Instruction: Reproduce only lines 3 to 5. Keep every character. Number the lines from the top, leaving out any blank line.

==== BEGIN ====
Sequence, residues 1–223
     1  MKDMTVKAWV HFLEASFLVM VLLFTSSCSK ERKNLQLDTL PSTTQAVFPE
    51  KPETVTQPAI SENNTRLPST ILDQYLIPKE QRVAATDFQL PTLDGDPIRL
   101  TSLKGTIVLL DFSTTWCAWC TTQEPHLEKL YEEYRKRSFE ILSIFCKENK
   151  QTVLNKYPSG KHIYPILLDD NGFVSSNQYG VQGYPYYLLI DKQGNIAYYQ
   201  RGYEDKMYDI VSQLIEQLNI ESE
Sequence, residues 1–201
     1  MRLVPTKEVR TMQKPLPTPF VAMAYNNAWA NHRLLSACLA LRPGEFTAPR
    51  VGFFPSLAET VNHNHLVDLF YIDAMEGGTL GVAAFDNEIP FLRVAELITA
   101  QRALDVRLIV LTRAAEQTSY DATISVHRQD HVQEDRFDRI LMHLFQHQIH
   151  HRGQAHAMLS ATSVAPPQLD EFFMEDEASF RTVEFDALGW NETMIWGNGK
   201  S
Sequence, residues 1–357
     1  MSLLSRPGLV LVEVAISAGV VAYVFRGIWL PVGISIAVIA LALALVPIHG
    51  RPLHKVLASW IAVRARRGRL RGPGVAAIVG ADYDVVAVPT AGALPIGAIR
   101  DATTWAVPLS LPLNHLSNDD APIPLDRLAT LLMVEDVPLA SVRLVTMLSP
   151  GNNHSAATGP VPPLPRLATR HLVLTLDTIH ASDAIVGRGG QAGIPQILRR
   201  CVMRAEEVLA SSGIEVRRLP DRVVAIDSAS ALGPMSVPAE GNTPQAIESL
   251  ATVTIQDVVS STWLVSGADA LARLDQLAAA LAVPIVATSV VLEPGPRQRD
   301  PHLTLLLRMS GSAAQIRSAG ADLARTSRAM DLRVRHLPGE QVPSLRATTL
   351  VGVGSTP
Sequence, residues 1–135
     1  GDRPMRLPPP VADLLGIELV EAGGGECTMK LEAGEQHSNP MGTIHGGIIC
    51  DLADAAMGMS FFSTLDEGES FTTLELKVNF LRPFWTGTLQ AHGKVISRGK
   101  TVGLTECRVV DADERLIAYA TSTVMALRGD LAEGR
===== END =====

    51  KPETVTQPAI SENNTRLPST ILDQYLIPKE QRVAATDFQL PTLDGDPIRL
   101  TSLKGTIVLL DFSTTWCAWC TTQEPHLEKL YEEYRKRSFE ILSIFCKENK
   151  QTVLNKYPSG KHIYPILLDD NGFVSSNQYG VQGYPYYLLI DKQGNIAYYQ